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Making sense of horrific violence in Kenya

A relative of a victim killed in the Garissa University College attack is helped by Red Cross staff. REUTERS/Herman Kariuki

How can we as academics make sense of the horrific attack Thursday at Garissa University College, a young institute of higher education located in Northeastern Kenya?

On one level, such violence against unarmed civilians seeking education to improve their future is as incomprehensible as it is ghastly. Reports claim 147 known fatalities, scores more injured. All remaining students have transferred to the Eldoret campus of the associated Moi University.

The Somalia-based terror group al-Shabaab has taken credit for the attack, asserting that it is retaliation for Kenya’s involvement since 2011 in a US-supported African Union military intervention to fight terrorist in Somalia. Al- Shabaab’s statement provides a religious motive for the attack, in which some Muslim students were spared and their Christian counterparts slain.

Yet the attack is not as simple as a war over religious differences, or as stark as suggested by headlines like, “Islamic Extremists from Somalia Kill Christians in Kenya.”

Already, Kenyan religious leaders, both Muslim and Christian, have banded together to condemn the attacks and to urge Kenyan unity in response. On Twitter, hashtags like #KenyaUnites and #OneKenya are trending.

The root of the violence likely stems instead from three factors.

First, Somalia has been largely ungoverned since 1991. Second, there is a long history of violence and state neglect in Northeastern Kenya. Third, the Kenyan government is beset by corruption, arguably leading to its poor response record to repeat terrorist attacks.

Kenya and its neighboring countries. Shutterstock

State collapse in Somalia

The country of Somalia, whose border is less than 100 miles from Garissa town, has not had a central government recognized throughout its territory for nearly 25 years. Instead, regional and local warlords compete with semi-recognized state entities based in Mogadishu, Hargesia and Garoowe. Al-Shabaab gained power in these conditions as a breakoff group from the Union of Islamic Courts, which governed from Mogadishu in 2006.

With the blessing of the US and the African Union, Kenya invaded Somalia in October 2011 in order to push al-Shabaab away from Kenyan territory. Attacks on Kenya have risen in frequency since then.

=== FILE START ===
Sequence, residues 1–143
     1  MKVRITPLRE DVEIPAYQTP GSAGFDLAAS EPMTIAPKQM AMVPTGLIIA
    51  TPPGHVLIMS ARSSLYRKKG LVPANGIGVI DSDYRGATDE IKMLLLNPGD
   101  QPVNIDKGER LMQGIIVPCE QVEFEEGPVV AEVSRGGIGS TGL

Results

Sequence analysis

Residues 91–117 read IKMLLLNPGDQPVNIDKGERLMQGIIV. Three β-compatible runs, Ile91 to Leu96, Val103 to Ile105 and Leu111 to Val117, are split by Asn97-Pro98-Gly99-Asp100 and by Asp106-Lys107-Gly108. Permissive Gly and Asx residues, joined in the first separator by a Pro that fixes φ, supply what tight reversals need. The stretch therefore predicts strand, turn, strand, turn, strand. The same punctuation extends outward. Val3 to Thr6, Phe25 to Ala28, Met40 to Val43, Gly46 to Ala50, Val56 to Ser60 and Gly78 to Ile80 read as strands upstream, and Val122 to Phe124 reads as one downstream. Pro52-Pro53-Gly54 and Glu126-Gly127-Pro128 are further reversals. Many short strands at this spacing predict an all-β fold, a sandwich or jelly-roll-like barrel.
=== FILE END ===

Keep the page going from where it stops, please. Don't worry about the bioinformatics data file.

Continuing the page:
Since 2008, there have been 116 al-Shabaab attacks in Kenya. From this, we can understand the attack on Garissa as part of the Global War on Terror and as the unsurprising result of decades of instability in the region.

Discrimination against northeastern Kenya

At the same time, insecurity in the Garissa area can be traced back to the Shifta Wars of the 1960s. At that time, some Kenyan Somalis attempted to secede. Although they have always been stopped from doing so, efforts to create a Greater Somalia uniting Somalis across five countries have arisen repeatedly over the decades. Repeated flare-ups of discontent in Northeastern Kenyan have been accompanied and reinforced by discrimination against ethnic Somalis throughout Kenya.

In the 1980s, Kenyans of Somali ethnicity carried distinct ID cards; more recently, many Somali-Kenyans have been jailed as foreigners.

The part of Kenya in which Somali-Kenyans live has historically been among the poorest and most under-served in the country. The fact that Kenyans from this region are referred to as “Somali-Kenyans” itself reveals discrimination, as no other ethnic group in the country is labeled in this way. Although it clearly does not appear to be the case, it would not be shocking to find that disgruntled, marginalized Kenyans from this region of the country were involved in the attack.

Corruption in Nairobi

Violent incidents have occurred in many parts of Kenya in recent memory, with considerable criticism directed at the government of Kenya. Only a year and a half ago, Kenyan experienced the tragedy of the Westgate mall standoff and massacre, in which 67 people lost their lives and the capital erupted in fear. Many questions about the attack have still not been answered.

Both before and since then, there have been frequent US, UK, UN and other diplomatic warnings of likely terror targets -– not only institutions like universities and malls that are associated with Western ideas and ideals, but also places of mass gathering like the Likoni ferry linking Mombasa to mainland Kenya.

In the face of these threats, however, the Kenyan government demonstrates its own low administrative capacity. It has limited ability to prevent attacks, and responds clumsily once attacks happen.

The day after the attack, Interior Secretary Nkaissery denied knowledge of warnings made about Garissa shortly before the attack happened.

At root is a combination of low budgets (common to all developing countries), combined with endemic corruption – Kenya is considered one of the most corrupt countries in the world.

Just this past week multiple cabinet secretaries have been embroiled in scandal, as the Ethics and Anti-Corruption Commission of the country released a “list of shame,” detailing allegations of high-level government corruption. The largest scandal in recent years, the Anglo-Leasing affair, involves the misappropriation of security contracts worth $770 million

Even Kenyan defense forces meant to be fighting al-Shabaab have been accused of profiting from interactions with the organization.

Recent accounts insist that al-Shabaab has weakened. Given this week’s attack, as well as other evidence, we must reconsider these claims.

The safety of many more Kenyans hangs in the balance.

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